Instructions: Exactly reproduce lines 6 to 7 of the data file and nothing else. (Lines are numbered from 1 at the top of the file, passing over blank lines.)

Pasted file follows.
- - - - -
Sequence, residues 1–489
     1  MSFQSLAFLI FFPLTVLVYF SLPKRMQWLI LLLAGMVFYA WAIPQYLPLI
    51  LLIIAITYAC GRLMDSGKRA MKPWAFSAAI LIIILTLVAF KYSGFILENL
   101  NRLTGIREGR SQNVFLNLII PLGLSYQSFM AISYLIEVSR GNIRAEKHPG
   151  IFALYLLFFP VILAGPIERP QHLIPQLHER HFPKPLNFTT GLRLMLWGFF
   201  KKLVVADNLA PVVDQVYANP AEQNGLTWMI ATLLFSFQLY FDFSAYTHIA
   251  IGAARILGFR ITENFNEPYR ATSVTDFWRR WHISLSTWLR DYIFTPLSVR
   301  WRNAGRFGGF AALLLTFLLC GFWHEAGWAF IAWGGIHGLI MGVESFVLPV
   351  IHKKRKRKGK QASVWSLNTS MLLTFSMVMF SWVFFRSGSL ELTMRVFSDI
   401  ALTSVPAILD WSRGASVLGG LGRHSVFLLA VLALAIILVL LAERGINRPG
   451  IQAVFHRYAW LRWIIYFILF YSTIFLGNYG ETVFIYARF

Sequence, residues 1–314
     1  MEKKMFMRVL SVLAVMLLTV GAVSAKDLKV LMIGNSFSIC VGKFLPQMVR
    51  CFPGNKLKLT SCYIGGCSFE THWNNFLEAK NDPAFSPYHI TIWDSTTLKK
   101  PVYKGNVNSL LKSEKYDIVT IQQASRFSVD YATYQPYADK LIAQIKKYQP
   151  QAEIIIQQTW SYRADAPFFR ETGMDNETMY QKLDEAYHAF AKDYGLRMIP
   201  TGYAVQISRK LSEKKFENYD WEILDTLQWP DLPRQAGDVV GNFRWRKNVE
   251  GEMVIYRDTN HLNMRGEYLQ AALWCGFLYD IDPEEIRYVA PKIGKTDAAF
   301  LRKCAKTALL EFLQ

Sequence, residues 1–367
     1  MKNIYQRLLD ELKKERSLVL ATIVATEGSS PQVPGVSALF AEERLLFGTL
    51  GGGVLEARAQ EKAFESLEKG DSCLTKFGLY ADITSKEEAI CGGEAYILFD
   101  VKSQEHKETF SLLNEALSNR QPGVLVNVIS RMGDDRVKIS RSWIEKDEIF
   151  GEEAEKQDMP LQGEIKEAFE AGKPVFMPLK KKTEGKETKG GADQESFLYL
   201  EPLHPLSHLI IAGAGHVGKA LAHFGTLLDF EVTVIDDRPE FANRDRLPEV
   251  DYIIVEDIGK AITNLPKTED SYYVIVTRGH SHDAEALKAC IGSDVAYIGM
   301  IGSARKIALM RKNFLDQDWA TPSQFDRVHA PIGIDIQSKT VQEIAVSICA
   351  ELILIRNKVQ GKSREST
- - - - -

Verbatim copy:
   201  KKLVVADNLA PVVDQVYANP AEQNGLTWMI ATLLFSFQLY FDFSAYTHIA
   251  IGAARILGFR ITENFNEPYR ATSVTDFWRR WHISLSTWLR DYIFTPLSVR